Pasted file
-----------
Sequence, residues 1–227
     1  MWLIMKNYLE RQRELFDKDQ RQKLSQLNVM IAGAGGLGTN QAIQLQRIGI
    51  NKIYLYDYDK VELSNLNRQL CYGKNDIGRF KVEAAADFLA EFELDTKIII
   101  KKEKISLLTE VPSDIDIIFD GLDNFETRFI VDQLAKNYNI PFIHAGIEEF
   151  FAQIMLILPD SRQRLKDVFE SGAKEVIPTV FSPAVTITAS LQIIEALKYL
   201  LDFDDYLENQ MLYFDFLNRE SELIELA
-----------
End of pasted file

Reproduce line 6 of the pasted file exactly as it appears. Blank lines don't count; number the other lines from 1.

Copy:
   201  LDFDDYLENQ MLYFDFLNRE SELIELA